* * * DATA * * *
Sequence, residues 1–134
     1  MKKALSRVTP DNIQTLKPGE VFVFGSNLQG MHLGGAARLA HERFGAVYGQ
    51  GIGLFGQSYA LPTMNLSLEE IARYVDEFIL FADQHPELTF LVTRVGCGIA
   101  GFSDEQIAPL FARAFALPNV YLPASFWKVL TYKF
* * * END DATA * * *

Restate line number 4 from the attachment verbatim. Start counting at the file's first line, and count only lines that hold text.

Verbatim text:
   101  GFSDEQIAPL FARAFALPNV YLPASFWKVL TYKF